When I was in City Hall, a very long time ago, I had a discussion with John Sweezy that made an indelible impression on me. John was then the Republican County Chair (and a man who regularly reminded his “troops” that “good government is good politics” Times were different then, and so was the GOP.). I was complaining that a local political gadfly didn’t have a clue how government worked or was supposed to work.
John said he’d long thought that citizens should be required to work for government for at least two years–and prohibited from working in government for more than four. Long enough to understand the challenges and realities, but not long enough to become part of the problem.
I might quibble with the time limits or the implicit lack of appreciation for expertise, but I thought then–and think now–that John was on to something.
That long-ago conversation came to mind when I read a recent article in Aeon, arguing that democracies fail when they ask too little of their citizens.
Modern states are plagued by the problem of ‘rational ignorance’. The chance that any individual’s vote will make a difference is so vanishingly small that it would be irrational for anyone to bother taking a serious interest in the issues and candidates. And so, many people don’t – and then fall for implausible rhetoric. In this way, democracy has come to mean little more than electing politicians on the basis of their promises, then watching them fail to keep them.
This was not the case in the Athens of two and a half thousand years ago. Then, democracy – rule by the people – meant active participation in the running of the state, if not continually, then at least periodically throughout one’s life. As Aristotle put it: ‘to rule and be ruled in turn.’ This participation was a right but also a responsibility. It was intended not only to create a better state, but to create better citizens: engagement in the political process was an education in the soberingly complex realities of decision-making.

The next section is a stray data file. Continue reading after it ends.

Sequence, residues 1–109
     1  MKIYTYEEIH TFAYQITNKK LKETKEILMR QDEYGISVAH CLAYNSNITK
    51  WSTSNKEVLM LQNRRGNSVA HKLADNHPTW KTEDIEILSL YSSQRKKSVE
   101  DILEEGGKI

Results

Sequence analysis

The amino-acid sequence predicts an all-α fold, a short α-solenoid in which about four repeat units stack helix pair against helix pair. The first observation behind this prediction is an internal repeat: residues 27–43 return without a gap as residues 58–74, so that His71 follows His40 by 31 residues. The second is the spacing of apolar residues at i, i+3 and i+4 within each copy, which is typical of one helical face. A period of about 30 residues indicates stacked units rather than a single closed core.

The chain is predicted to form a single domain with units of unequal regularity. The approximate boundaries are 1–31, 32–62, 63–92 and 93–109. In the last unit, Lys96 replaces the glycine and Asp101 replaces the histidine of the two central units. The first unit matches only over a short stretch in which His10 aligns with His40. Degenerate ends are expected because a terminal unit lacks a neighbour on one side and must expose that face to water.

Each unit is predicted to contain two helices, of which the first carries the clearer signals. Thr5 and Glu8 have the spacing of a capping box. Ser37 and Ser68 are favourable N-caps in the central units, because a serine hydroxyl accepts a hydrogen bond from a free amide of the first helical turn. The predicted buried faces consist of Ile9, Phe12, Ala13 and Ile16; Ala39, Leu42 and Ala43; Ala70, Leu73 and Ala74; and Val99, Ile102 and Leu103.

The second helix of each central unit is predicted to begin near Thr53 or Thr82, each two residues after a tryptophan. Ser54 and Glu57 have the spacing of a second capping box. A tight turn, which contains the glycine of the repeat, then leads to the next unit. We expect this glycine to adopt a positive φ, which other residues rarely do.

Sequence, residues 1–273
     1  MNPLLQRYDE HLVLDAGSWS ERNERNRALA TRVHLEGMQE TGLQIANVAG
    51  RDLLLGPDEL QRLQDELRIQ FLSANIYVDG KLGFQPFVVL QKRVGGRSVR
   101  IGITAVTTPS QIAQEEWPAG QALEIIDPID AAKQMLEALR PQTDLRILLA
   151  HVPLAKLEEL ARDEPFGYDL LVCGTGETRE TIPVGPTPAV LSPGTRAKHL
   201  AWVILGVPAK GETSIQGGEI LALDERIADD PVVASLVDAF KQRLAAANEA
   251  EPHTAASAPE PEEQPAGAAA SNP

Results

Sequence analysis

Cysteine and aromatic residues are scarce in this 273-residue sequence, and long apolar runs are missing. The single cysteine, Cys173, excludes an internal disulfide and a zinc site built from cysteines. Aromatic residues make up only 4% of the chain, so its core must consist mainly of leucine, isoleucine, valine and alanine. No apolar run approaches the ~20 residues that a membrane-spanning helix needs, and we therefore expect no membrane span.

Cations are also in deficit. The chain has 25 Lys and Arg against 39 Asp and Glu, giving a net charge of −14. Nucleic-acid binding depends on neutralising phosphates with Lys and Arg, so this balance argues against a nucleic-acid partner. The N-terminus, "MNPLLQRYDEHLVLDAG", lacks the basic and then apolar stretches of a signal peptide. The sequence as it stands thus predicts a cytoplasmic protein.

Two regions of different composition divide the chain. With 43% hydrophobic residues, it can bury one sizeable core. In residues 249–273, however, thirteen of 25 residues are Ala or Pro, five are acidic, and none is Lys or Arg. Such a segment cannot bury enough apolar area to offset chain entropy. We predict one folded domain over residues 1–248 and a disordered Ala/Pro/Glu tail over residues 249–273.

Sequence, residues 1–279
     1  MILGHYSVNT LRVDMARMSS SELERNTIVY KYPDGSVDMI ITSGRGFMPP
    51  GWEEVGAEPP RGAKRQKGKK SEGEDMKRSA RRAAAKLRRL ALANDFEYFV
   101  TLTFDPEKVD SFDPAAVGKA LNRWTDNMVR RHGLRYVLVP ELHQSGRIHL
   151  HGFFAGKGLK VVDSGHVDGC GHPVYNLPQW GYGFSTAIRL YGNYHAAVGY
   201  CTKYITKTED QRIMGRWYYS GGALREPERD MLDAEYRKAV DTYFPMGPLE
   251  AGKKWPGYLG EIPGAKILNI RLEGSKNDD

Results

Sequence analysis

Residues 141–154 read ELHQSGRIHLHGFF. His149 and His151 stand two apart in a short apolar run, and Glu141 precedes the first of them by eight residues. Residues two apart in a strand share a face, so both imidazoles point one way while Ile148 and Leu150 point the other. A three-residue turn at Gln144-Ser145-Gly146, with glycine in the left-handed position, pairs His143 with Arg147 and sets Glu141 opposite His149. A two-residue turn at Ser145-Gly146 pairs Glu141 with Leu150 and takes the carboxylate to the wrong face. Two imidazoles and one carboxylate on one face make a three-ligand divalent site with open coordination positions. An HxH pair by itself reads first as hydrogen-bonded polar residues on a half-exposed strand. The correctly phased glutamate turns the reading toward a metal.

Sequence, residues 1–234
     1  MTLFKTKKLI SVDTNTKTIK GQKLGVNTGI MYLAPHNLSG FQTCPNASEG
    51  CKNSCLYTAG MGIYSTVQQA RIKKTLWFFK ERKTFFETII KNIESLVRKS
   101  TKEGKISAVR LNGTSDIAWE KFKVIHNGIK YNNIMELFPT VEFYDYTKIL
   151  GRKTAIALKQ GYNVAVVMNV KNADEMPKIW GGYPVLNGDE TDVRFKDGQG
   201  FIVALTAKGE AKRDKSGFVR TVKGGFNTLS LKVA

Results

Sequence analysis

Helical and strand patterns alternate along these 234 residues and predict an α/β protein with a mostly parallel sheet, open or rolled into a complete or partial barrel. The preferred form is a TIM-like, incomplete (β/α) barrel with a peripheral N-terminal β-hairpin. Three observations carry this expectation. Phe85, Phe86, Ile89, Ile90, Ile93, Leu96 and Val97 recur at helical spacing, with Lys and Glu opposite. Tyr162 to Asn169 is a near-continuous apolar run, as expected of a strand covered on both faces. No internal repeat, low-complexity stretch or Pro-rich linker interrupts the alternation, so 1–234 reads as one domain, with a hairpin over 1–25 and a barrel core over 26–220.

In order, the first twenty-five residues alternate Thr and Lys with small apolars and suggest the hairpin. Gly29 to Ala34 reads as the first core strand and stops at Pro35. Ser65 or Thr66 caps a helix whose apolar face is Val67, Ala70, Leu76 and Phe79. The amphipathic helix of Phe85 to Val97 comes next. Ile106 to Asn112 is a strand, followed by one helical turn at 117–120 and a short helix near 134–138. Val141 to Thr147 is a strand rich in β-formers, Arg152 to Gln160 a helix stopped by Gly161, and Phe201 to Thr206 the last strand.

The author noted that (male) citizens were expected to serve not only in the army and on juries, as is the case with some modern states, but also to attend the main decision-making assembly in person. Some public offices were elected, but many others were selected by lottery. He acknowledged the vast differences between ancient Athens and today’s governments, but argued that we should nevertheless seek ways to make our government “radically participatory.”
For example: legislative bodies could be wholly or partially selected by lottery. Even better might be separate assemblies summoned to review each proposed new law or area of government. This would hugely increase the number of people involved in the legislative system. The ancient Athenians managed exactly this; today, digital technology would make it even easier.
I’m dubious. But on the other hand, the way we choose our Representatives and Senators clearly isn’t working. (Ted Cruz’s old college roommate was recently quoted saying that picking a president at random out of the phone book would be preferable to a Cruz presidency, and everything I’ve ever heard about Cruz suggests he’s right.)
Even a cursory look at the House of Representatives suggests we could hardly do worse than we’re doing now….